Infoscience

Thesis

Uncertainty quantification in unfolding elementary particle spectra at the Large Hadron Collider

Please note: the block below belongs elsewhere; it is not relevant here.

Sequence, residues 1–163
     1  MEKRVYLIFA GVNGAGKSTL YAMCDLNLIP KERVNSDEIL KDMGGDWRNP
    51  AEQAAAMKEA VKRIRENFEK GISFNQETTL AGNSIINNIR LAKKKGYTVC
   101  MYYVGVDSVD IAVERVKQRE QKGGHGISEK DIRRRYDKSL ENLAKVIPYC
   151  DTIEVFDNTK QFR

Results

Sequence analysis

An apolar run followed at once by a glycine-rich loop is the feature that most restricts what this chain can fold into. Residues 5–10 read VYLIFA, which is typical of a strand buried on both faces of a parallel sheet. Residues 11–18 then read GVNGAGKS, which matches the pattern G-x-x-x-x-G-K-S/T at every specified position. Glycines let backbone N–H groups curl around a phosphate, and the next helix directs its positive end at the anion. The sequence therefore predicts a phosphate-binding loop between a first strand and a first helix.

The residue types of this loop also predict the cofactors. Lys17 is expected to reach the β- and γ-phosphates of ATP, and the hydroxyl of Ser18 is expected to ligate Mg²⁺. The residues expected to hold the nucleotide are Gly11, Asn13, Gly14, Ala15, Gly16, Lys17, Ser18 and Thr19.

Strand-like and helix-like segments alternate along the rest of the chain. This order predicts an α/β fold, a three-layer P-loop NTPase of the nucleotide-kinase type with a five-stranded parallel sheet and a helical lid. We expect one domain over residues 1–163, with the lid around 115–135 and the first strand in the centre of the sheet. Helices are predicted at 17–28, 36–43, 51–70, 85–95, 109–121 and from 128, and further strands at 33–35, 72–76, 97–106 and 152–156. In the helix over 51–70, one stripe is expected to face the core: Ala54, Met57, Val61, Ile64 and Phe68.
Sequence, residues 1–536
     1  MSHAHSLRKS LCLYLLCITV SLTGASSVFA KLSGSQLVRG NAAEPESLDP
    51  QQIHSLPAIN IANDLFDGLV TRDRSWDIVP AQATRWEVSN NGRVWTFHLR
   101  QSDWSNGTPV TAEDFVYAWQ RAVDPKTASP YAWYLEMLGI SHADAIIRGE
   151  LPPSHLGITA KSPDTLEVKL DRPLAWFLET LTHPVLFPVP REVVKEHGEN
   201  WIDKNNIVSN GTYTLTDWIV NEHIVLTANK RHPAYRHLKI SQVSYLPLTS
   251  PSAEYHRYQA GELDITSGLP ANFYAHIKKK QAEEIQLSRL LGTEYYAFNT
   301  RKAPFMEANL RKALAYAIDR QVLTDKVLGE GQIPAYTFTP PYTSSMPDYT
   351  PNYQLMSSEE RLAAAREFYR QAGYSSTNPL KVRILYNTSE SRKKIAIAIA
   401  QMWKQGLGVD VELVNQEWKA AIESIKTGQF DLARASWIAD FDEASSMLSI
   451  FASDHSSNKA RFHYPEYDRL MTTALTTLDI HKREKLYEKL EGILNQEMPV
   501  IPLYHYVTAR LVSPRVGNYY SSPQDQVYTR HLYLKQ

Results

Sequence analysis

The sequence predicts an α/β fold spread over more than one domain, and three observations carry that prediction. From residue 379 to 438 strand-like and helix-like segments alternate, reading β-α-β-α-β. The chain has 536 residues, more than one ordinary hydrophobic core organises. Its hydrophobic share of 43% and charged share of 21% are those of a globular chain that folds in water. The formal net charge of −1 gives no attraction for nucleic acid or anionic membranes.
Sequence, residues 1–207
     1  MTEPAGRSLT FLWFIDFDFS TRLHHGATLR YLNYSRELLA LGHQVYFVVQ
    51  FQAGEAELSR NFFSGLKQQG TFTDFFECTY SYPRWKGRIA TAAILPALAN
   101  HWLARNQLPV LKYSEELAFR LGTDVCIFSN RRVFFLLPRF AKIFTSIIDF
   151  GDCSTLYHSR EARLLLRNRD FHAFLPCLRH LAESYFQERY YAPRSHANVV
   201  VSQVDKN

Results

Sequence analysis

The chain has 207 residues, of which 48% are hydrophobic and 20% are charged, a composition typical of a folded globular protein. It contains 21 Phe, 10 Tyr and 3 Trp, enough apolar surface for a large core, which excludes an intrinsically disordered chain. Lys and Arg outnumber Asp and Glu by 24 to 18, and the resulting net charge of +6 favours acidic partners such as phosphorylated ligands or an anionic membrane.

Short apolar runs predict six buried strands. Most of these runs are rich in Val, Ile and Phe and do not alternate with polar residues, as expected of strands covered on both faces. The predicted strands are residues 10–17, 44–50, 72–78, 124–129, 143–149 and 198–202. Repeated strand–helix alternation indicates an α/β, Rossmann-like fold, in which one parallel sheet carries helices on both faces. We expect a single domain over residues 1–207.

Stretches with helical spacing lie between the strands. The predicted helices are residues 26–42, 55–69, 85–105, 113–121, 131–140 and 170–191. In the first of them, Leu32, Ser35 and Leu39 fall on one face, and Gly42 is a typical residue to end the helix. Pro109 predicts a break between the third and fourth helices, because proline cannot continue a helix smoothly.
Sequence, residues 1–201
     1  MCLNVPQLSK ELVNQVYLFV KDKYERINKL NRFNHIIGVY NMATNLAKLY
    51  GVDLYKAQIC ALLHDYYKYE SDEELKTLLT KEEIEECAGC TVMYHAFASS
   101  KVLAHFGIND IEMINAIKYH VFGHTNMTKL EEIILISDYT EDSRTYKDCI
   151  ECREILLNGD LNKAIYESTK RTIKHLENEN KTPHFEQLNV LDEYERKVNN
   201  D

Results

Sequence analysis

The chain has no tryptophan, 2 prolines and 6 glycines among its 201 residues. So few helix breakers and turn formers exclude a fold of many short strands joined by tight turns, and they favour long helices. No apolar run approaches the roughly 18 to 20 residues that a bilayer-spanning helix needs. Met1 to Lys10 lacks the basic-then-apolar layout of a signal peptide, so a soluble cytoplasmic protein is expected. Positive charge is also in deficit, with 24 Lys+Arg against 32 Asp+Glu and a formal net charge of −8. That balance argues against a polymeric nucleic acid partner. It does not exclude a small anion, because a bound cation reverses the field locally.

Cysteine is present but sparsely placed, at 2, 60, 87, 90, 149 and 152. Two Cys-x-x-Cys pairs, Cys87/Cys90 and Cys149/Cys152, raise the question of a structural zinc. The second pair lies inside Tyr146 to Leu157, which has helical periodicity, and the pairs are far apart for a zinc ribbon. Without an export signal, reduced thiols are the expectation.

This thesis studies statistical inference in the high energy physics unfolding problem, which is an ill-posed inverse problem arising in data analysis at the Large Hadron Collider (LHC) at CERN. Any measurement made at the LHC is smeared by the finite resolution of the particle detectors and the goal in unfolding is to use these smeared measurements to make nonparametric inferences about the underlying particle spectrum. Mathematically the problem consists in inferring the intensity function of an indirectly observed Poisson point process. Rigorous uncertainty quantification of the unfolded spectrum is of central importance to particle physicists. The problem is typically solved by first forming a regularized point estimator in the unfolded space and then using the variability of this estimator to form frequentist confidence intervals. Such confidence intervals, however, underestimate the uncertainty, since they neglect the bias that is used to regularize the problem. We demonstrate that, as a result, conventional statistical techniques as well as the methods that are presently used at the LHC yield confidence intervals which may suffer from severe undercoverage in realistic unfolding scenarios. We propose two complementary ways of addressing this issue. The first approach applies to situations where the unfolded spectrum is expected to be a smooth function and consists in using an iterative bias-correction technique for debiasing the unfolded point estimator obtained using a roughness penalty. We demonstrate that basing the uncertainties on the variability of the bias-corrected point estimator provides significantly improved coverage with only a modest increase in the length of the confidence intervals, even when the amount of bias-correction is chosen in a data-driven way. We compare the iterative bias-correction to an alternative debiasing technique based on undersmoothing and find that, in several situations, bias-correction provides shorter confidence intervals than undersmoothing. The new methodology is applied to unfolding the Z boson invariant mass spectrum measured in the CMS experiment at the LHC. The second approach exploits the fact that a significant portion of LHC particle spectra are known to have a steeply falling shape. A physically justified way of regularizing such spectra is to impose shape constraints in the form of positivity, monotonicity and convexity. Moreover, when the shape constraints are applied to an unfolded confidence set, one can regularize the length of the confidence intervals without sacrificing coverage. More specifically, we form shape-constrained confidence intervals by considering all those spectra that satisfy the shape constraints and fit the smeared data within a given confidence level. This enables us to derive regularized unfolded uncertainties which have by construction guaranteed simultaneous finite-sample coverage, provided that the true spectrum satisfies the shape constraints. The uncertainties are conservative, but still usefully tight. The method is demonstrated using simulations designed to mimic unfolding the inclusive jet transverse momentum spectrum at the LHC.

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